Alpaca farm presentation at Golden K
By JOAN JOUPPI
For The Daily News
KINGSFORD — Sharon Scholke, chairperson for April, got the Golden K meeting rolling. Sitting at the piano this Monday morning was Sue LeDuc, filling in for Alyce Derwinski — a pleasant surprise to have her play. Don Pedo jumped up to direct the singers. The morning was promising to be a delightful day.
Singing “April Showers,” “Blue Skies” and “Happy Days Are Here Again” prompted one Happy Dollar response, “Happy to see green grass again.” Other Happy Dollars reflected comments from the returning snowbirds who were just happy to be back. Mary Jane Nelson was the happiest of all, as she collected the winnings from the 50-50 drawing. Happy birthday to Bob Tachick, April 20. The guests for the day, Kathy Arnold, director of the Dickinson-Iron Community Service Agency, Mary Lynn Verley and Shirley Winters, were welcomed with song.
With all this happiness flowing through the atmosphere, speaker Mary Lynn Verley thanked everyone who sent cards and well wishes on behalf of her husband, Dave, who is recovering nicely and able to help with the farm chores.
Mary Lynn and her husband operate the Rainbow’s End Alpaca Farm in Norway. Running a farm encompasses all family members and even the grandchildren “pitch in” where needed.
With the aid of a PowerPoint presentation, Verley walked the seniors on the journey she and her husband started in 2005. Venturing into this business, researching on the care of alpacas, it soon became clear to them this was not just a business, it was a labor of love.
“No one can look into those big brown eyes and not be completely taken in by these animals,” Verley said.
These animals are gentle, need protection, are good with adults and children and have a softer fiber, making their fleece ideal for knitting and/or crocheting warm winter apparel. Their llama “cousins” are larger, including in attitude, and more aggressive, brave enough to act as guards. Their fiber is coarse and they are good pack animals.
Alpacas were imported into this country from 1984 to 1998. They have to be registered, insuring the animals are healthy and breeding requirements are met. Caring for animals is a definite labor of love. Seeing to their health, diet, even checking on their dental needs is vital.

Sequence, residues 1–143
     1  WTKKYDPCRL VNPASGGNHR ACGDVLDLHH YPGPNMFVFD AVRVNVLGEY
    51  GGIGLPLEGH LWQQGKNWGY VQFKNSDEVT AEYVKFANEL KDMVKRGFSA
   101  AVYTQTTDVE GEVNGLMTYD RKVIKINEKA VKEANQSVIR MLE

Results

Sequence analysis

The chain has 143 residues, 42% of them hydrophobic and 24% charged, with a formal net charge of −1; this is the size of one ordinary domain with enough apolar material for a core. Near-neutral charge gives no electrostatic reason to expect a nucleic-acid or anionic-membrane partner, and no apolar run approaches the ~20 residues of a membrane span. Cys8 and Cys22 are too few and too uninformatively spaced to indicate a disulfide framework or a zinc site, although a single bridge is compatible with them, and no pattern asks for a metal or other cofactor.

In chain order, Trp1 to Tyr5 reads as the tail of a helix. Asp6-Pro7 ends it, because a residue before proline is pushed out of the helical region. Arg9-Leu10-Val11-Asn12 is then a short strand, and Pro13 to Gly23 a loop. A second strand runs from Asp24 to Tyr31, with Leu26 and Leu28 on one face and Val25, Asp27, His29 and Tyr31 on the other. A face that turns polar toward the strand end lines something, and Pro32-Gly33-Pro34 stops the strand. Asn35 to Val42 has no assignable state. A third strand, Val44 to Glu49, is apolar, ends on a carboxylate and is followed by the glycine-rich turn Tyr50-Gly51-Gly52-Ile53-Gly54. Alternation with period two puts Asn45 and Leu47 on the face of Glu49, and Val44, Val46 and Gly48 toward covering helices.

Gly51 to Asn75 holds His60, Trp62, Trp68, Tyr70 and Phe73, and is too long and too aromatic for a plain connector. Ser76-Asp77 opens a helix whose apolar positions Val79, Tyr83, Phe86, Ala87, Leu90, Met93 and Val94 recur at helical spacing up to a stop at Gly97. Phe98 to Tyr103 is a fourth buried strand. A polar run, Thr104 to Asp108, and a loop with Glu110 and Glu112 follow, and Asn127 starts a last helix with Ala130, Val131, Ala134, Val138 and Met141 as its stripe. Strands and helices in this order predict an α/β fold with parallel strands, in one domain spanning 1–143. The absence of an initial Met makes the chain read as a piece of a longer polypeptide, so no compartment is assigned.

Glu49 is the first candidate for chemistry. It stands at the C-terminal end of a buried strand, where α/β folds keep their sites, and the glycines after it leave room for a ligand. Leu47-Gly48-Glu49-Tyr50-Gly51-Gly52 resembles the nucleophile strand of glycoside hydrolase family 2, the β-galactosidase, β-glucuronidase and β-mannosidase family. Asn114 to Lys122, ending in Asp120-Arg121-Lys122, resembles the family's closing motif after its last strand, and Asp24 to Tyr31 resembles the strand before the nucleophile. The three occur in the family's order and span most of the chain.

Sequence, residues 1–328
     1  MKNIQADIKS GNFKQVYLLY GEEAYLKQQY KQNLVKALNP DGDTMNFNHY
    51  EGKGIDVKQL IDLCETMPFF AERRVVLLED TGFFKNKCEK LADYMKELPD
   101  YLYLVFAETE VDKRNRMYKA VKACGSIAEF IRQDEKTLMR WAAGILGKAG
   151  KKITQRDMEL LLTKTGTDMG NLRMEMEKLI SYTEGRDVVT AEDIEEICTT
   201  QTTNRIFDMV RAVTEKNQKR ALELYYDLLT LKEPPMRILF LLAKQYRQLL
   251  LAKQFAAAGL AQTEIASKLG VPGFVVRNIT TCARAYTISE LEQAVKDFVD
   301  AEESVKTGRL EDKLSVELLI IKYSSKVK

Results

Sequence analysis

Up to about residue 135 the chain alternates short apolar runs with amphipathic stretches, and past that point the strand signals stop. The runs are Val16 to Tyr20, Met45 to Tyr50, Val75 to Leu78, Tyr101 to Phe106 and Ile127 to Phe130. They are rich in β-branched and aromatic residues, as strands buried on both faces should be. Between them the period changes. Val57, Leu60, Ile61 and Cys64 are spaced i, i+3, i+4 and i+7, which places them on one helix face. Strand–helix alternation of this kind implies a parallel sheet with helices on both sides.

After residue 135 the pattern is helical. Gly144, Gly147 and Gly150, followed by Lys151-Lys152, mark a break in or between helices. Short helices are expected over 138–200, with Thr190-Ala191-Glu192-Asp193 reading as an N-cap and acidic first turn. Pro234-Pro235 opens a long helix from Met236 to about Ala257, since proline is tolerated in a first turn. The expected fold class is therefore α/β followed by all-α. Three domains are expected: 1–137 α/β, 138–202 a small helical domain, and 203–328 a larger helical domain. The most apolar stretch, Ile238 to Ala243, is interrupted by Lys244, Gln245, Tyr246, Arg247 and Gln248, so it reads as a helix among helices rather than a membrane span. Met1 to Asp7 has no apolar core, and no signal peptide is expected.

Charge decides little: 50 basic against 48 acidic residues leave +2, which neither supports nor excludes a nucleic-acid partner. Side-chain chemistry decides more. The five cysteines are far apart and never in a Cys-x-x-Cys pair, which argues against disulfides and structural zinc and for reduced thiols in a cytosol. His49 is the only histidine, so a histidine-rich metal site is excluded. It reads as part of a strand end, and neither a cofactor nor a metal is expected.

Shearing is a big project that the Verleys will bring in professionals to do. The safety of the animals is priority. Alpacas are not particularly happy to be tackled, tied down and sheared but afterwards, they feel so much lighter.
It takes a while to recognize one another, but since they are community animals, they need each others company and are very connected to their mother. They know her call and will respond immediately and she keeps a close eye on her offspring at all times.
The males are herd sires, the female is a dame and the babies are crias. Mother and baby communicate with soft noises or humming sounds. Each mother knows her baby wherever it may be in the field and when she calls, the baby knows whose mother that is and they come running.
Alpacas have been used for therapy, as well as enjoyment.
Their fiber can be used in many ways providing soft, warm clothing, hats or mittens.
Alpaca fertilizer is also eco-friendly — they have three stomachs and throughly grind their food. And clean-up isn’t difficult — just ask the grandchildren.
Alpacas must be registered upon birth, with a blood sample taken to ensure which bloodlines the animal comes from.
Alpacas are judged on their straight backs, length of legs and neck, crimping and density of their fleece and how they handle themselves.
These animals are gentle with children, individuals with physical and or neurological problems.
The Verleys entertain groups of visitors and welcome people to their store, where they display many items made from the alpaca fleece, as well as yarns waiting to be made into one-of-a-kind sweaters, hats or mittens.
Shearing will be May 17 and the public is invited. The store has a wrap around deck for easy viewing.
Mary Lynn was driving through a challenging storm and greeted with a double rainbow. She took this as a sign that this new venture they were about to embark on would work out — which it has — thus the name Rainbow’s End Alpaca Farm.
The Kingsford High School Chorale will present a program Monday. Golden K welcomes anyone interested in hearing these students to join them at 10 a.m. Monday at the First Presbyterian Church in Kingsford.
The Golden Throats will sing Wednesday at Victorian Pines in Iron Mountain.